“When will this be ready?” Bernard asked. By way of an answer I advised him to ply our guests with wine, as much to entertain them as to dull their senses for what was to come. I didn’t reveal my discovery: that the Rombauers were disconcertingly mum on the crucial instruction of how long to grill the tail. I had a fleeting worry that their beaver entry might be the product of creative guesswork, that a tasty morsel of beaver never actually crossed any Rombauer lips. They probably perceived beaver tail as one of those forgiving food items, figuring if you’re a busy trapper, then grill it for hours; if you’re a hungry trapper start gnawing after ten minutes. Having no pressing engagement with a trapline, I let it grill for twenty minutes and then placed it on a grand Italian majolica platter. No word in The Joy about proper beaver tail accompaniments or sauces, so I offered the tail accompanied by nothing more than a salt shaker.
We stared at the tail for a minute or two, nervously eying it and each other. I gulped. As hostess, it was my duty to take the first bite. As the most daring of the assembled eaters I could barely contain myself. After all, it was my ethos in practice here, which is if you kill an animal you must use all its parts. This particular beaver was trapped to mitigate the rampant building of dams threatening to flood our driveway and, come spring, constipate our ranch’s flood irrigation system. His pelt had been frozen, preserved till it could be cured by the top hair-on hide tanners in the country, a living room easy chair already picked out as its eventual, post-body, home. His haunches sat in the refrigerator, coldly biding time till I had the remaining ingredients for beaver pot roast. His tail, which only three days ago was thwapping a beaver pond in alarm, was now our appetizer.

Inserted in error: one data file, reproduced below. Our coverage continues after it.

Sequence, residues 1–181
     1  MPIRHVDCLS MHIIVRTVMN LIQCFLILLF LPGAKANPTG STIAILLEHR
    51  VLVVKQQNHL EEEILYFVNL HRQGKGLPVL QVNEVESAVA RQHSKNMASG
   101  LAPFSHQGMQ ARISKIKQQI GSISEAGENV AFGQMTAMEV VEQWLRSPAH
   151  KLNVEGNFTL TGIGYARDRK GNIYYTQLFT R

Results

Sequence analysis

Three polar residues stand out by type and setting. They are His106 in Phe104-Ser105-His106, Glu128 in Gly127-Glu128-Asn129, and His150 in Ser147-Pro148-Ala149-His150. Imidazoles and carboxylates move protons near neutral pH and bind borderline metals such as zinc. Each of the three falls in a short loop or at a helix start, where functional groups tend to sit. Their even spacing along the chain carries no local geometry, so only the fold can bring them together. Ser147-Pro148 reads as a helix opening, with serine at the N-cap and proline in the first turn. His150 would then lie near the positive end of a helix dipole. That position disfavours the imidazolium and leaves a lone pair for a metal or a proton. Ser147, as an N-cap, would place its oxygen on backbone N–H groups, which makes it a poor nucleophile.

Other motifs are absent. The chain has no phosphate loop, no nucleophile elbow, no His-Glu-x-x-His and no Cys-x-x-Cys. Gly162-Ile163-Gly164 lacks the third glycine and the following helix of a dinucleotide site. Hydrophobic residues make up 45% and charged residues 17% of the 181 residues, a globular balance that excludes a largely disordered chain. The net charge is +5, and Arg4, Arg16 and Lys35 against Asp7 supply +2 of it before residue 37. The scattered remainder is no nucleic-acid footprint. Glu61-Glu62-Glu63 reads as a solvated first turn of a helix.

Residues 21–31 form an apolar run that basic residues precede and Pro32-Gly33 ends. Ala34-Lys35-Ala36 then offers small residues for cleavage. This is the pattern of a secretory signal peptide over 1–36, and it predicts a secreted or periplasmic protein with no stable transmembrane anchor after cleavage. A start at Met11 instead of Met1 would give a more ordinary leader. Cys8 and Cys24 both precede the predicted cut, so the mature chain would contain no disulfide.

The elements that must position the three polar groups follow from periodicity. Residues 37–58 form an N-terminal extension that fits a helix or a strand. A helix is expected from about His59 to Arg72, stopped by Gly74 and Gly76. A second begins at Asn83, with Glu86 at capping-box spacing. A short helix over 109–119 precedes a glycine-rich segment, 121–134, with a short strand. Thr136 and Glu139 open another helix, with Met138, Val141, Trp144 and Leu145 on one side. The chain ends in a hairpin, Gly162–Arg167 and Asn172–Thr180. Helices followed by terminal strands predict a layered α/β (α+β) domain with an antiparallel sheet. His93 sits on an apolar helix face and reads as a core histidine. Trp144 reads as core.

Unsure what I’d find beneath the thin brown laminate protecting the tail, I sliced a piece off, discovering dense fat, white as clotted cream, waxen and firm as plastic. I poked about a bit for anything resembling meat, but found none. Preparatory to eating what I hoped would be a tasty morsel, I peeled off the thin layer of protective skin and held the alabaster strip to my nose. No scent to speak of other than a faint whiff of smoke. I sprinkled a liberal lashing of salt, closed my eyes, put it in my mouth, bit down and chewed.
I decided immediately that beaver tail is delicious. In small quantities. I wouldn’t want to have to depend on it to stay alive, but I could now say from my own experience that it had virtually no taste, and was dense enough to approximate chewing a soft rubber dog bone. This was working fat, used by beavers to lug small boulders down a steep slope to shore up the dam below. There was no resemblance at all between beaver tail fat and, say, the fatty gristle that surrounded a rib eye steak.
My initial sliver barely left a dent in the tail, so I dug out a second small divot and swallowed it, too, then passed the platter with a meaningful glance that implied, “If you’re sitting at my table, you must eat some of this.” Everyone dutifully took a slice, chewed, swallowed. No one gagged, but no one raved either. Mainly we chattered with relief that we could now get on to the normal part of the meal. That left 95% of the beaver tail on the pretty platter, a portion any trapper worth his salt would have killed for. And probably did. I appealed to my friend who’s allergic to most fats. “Would you like to take the rest home?” She leaped at the chance, leaving me with only the aforementioned beaver haunch to contend with.
There’s more to The Joy of Game…..coming soon